The group also achieved a well-publicized success on 12 May 1938, when three B-17s, led by group commander Lt. Col. Robert Olds and navigated by 1st Lt. Curtis E. LeMay, intercepted the Italian ocean liner Rex over 600 miles at sea during a training exercise.
On 6 December 1939, the group was redesignated the 2d Bombardment Group (Heavy).
World War II
Media related to United States Army Air Forces 2d Bombardment Group at Wikimedia Commons
Served on antisubmarine duty for several months after the U.S. entered World War II. In October 1942 was re-designated as 2d Bombardment Group (Heavy) and earmarked for combat. The group was transferred on paper to Geiger Field, Washington, where it was re-organized and trained with new personnel.
The group was made up of four Squadrons, the 20th, 49th, 96th, and the 429th. In November 1942, the squadrons were sent to satellite bases in Montana for additional training as units, the 20th to Great Falls, the 49th to Lewistown, the 96th to Glasgow, and the 429th to Cut Bank. This was the third and final phase of training.
The 2d Bombardment Group and squadrons left their satellite bases on 13–14 March 1943 arriving at Camp Kilmer, New Jersey 17–18 March 1943 for debarkation overseas. The Flight Echelon left the above bases for Morrison Field West Palm Beach, Florida; Natal, Brazil; Marrakech, Morocco and arriving at Navarin, Algeria on 22 April 1943. The Ground Echelon were disbursed at Camp Kilmer in several ships arriving at Casablanca and Port Lyautey in March/April 1943, thence motor and train convoy to Navarin, Algeria. Was initially assigned to Twelfth Air Force.
It arrived at Chateau D'un, Algeria on 27 April 1943. The first mission on 28 April 1943 was to Terranova, Sardinia. The 2d Bombardment Group departed Chateau D'un after flying 25 missions and arrived at Ain M'Lila, Algeria on 17 June 1943 and flew 25 missions from that base. The group departed for Massicault, Tunisia on 31 July 1943 and flew 56 missions from that base.
Missions flown included bombing such targets as marshalling yards, airdromes, troop concentrations, bridges, docks, and shipping. Participated in the defeat of Axis forces in Tunisia, April–May 1943; the reduction of Pantelleria and the preparations for the invasion of Sicily, May–July 1943; and the invasion of Italy, September 1943.
Moved to Italy in December 1943 and continued operations as part of Fifteenth Air Force. Operated primarily from Amendola Air Base in Foggia. Engaged primarily in long-range bombardment of strategic targets in Germany, Poland, Czechoslovakia, Austria, Hungary, Yugoslavia, Rumania, and Greece. Participated in the drive toward Rome, January–June 1944; the invasion of Southern France, August 1944, and the campaigns against German forces in northern Italy, June 1944 – May 1945. En route to bomb an aircraft factory at Steyr, Austria on 24 February 1944, the group was greatly outnumbered by enemy interceptors, but it maintained its formation and bombed the target, receiving a Distinguished Unit Citation (DUC) for the performance. On the following day, while on a mission to attack aircraft factories at Regensburg, it met similar opposition equally well and was awarded a second DUC.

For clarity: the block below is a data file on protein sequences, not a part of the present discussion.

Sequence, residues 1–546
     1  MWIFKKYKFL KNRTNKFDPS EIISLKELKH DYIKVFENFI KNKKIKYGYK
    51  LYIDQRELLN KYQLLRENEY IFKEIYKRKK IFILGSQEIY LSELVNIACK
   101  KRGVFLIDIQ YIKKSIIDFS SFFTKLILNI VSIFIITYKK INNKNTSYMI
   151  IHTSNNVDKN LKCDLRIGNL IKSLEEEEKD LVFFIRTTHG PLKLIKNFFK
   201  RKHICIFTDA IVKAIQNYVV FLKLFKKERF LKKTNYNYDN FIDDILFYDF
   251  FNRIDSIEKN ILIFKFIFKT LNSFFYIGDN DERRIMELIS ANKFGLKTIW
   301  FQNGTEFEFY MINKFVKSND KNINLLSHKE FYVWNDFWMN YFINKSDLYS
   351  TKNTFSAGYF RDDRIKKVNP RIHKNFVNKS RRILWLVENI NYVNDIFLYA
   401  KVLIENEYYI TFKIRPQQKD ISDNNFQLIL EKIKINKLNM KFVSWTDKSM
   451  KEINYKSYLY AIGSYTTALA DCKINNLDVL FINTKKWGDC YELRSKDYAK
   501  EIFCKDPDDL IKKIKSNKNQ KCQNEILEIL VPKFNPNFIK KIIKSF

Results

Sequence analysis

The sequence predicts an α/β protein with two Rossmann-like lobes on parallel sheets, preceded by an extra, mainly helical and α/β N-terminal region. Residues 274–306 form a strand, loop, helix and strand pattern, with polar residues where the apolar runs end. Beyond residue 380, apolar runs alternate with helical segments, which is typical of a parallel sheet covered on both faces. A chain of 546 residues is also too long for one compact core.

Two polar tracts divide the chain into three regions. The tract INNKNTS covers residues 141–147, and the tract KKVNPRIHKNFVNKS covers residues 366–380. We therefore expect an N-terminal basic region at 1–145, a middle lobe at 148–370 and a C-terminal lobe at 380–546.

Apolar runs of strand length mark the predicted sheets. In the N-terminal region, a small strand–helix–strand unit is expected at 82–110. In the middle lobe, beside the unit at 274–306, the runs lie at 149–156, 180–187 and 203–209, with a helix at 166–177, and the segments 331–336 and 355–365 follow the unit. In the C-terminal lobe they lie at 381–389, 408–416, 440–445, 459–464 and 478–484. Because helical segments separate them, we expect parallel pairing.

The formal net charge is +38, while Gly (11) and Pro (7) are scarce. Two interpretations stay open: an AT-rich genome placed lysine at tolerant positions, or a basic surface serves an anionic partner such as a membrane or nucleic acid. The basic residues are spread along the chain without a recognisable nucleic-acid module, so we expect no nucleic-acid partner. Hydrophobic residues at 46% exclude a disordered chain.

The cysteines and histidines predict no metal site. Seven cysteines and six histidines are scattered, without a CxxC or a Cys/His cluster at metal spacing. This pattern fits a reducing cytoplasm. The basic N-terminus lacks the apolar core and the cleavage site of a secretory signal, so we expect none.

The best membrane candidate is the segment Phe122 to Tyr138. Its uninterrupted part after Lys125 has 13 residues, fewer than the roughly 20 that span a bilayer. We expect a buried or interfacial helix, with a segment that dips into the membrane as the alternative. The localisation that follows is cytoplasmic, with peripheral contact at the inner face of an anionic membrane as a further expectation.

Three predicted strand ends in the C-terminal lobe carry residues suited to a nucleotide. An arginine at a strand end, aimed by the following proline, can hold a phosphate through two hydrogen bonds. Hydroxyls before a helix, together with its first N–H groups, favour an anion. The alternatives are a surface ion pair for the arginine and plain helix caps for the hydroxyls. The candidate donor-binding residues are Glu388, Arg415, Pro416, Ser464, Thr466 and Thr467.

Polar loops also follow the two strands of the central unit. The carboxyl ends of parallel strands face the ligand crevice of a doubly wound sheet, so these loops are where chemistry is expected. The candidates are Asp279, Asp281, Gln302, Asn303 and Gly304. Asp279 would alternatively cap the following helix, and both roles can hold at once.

Served as part of the occupation force in Italy after V-E Day. Inactivated in Italy on 28 February 1946. Group gunners claimed 279 victories of German and Italian aircraft. Flew 406 combat missions; 146 aircraft lost.
On 1 July 1947, the group was redesignated the 2d Bombardment Group (Very Heavy) and activated at Davis Monthan Field, Arizona. Equipped with B-29 Superfortress bombers, the 2d BG became part of the Strategic Air Command. Trained for bombardment missions and deployed to England, August–November 1948 and February–May 1950. On 10 February 1951 the group became a "paper organization" with its squadron components attached directly to the 2 Bombardment Wing as part of the Air Force tri-deputate reorganization. Inactivated on 16 June 1952.